March 2020 favorites

March 2020

The March stories ordered solely on my personal tastes.

  1. ‘The Minister’s Black Veil’ by Nathaniel Hawthorne
  2. ‘Wakefield’ by Nathaniel Hawthorne
  3. ‘The Death Of A Government Clerk’ by Anton Chekhov
  4. ‘A Dead Woman’s Secrets’ by Guy de Maupassant
  5. ‘Her Letters’ by Kate Chopin
  6. ‘The Birth-Mark’ by Nathaniel Hawthorne
  7. ‘The Lightning-Rod Man’ by Herman Melville
  8. ‘The Pelican’ by Edith Wharton
  9. ‘Wild Frank’s Return’ by Walt Whitman
  10. ‘A Winter Courtship’ by Sarah Orne Jewett
  11. ‘My Friend Bingham’ by Henry James
  12. ‘The Haunted Mind’ by Nathaniel Hawthorne
  13. ‘Nanette: An Aside’ by Willa Cather
  14. ‘The Striding Place’ by Gertrude Atherton
  15. ‘Is He Living Or Is He Dead?’ by Mark Twain
  16. ‘The Maypole Of Merry-Mount’ by Nathaniel Hawthorne
  17. ‘Legend Of The Two Discreet Statues’ by Washington Irving

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November 2014 favorites


November 2014

The November stories ordered solely on my personal tastes.

  1. ‘Chickamauga’ by Ambrose Bierce
  2. ‘Paul’s Case’ by Willa Cather
  3. ‘The Veldt’ by Ray Bradbury
  4. ‘The Story Of An Hour’ by Kate Chopin
  5. ‘Of This Time, Of That Place’ by Lionel Trilling
  6. ‘The Nose’ by Nikolai Gogol
  7. ‘A White Heron’ by Sarah Orne Jewett
  8. ‘A Circle In The Fire’ by Flannery O’Connor
  9. ‘Going For A Beer’ by Robert Coover
  10. ‘Two Thanksgiving Gentlemen’ by O. Henry
  11. ‘Dawn Of Remembered Spring’ by Jesse Stuart
  12. ‘The Middle Years’ by Henry James
  13. ‘The Catbird Seat’ by James Thurber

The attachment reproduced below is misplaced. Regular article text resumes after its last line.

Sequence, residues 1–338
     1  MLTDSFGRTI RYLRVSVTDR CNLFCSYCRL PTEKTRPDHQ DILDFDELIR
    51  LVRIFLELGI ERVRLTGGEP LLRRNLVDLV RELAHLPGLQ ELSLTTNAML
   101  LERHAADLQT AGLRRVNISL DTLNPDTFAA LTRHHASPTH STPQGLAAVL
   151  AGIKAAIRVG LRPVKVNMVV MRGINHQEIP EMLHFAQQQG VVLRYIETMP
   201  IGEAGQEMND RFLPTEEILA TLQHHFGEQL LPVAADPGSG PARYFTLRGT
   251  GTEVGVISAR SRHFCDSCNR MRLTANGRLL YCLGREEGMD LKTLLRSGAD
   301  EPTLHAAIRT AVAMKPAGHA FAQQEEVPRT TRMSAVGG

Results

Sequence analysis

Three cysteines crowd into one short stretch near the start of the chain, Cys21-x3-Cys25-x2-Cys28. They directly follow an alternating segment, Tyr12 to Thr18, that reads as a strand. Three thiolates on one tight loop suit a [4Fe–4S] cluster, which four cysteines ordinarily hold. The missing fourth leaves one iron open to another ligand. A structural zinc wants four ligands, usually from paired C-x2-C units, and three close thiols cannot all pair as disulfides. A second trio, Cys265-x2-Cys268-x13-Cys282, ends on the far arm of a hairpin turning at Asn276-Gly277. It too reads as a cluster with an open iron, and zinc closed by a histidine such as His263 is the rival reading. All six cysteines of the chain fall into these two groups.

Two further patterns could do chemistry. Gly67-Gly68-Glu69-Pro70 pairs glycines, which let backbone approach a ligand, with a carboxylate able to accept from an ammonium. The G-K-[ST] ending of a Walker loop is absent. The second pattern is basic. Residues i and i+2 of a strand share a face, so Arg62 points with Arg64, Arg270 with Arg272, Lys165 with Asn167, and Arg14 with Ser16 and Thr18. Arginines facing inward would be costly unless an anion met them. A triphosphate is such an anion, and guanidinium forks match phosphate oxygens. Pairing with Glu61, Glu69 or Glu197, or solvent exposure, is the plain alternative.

14. ‘The Wonderful Tar-Baby Story’ by Joel Chandler Harris
  15. ‘The Peach Stone’ by Paul Horgan
  16. ‘Tlon, Uqbar, Orbis Tertius’ by Jorge Luis Borges
  17. ‘An Old Fashioned Thanksgiving’ by Louisa May Alcott
  18. ‘Who Lived And Died Believing’ by Nancy Hale
  19. ‘The Devil And Tom Walker’ by Washington Irving
  20. ‘The Facts Concerning The Recent Carnival Of Crime In Connecticut’ by Mark Twain

‘A White Heron’ by Sarah Orne Jewett

Jewett, Sarah Orne 1886

A White Heron by Sarah Orne Jewett, 1886

The magic trick:

Eloquently showing a young girls first glimpse of romantic love and the way that immediately scatters priorities and views

On the surface, especially in 2014, the idea of an older ornithologist charming a young girl romantically in order to gain access to a local bird sounds pretty creepy. But Jewett has a way of portraying that very scenario in this story with a gentle, natural touch. The ornithologist is selfish, yes, but not really creepy, per se. Jewett is very careful to keep his point of view out of the line of sight. His selfish agenda is only implied. What the reader gets instead is Sylvia’s young, restless, and bored, worldview. She is young and innocent and learning anything and everything. Her interest in the man is only the interest of a young girl desperate for recognition, and her journey toward making a mature decision about the fate of the heron proves heart-warming and inspiring. And that’s quite a trick on Jewett’s part.

The selection:

But as the day waned, Sylvia watched the young man with loving admiration. She had never seen anybody so charming and delightful; the woman’s heart, asleep in the child, was vaguely thrilled by a dream of love. Some premonition of that great power stirred and swayed these young foresters who traversed the solemn woodlands with soft-footed silent care. They stopped to listen to a bird’s song; they pressed forward again eagerly, parting the branches, – speaking to each other rarely and in whispers; the young man going first and Sylvia following, fascinated, a few steps behind, with her gray eyes dark with excitement.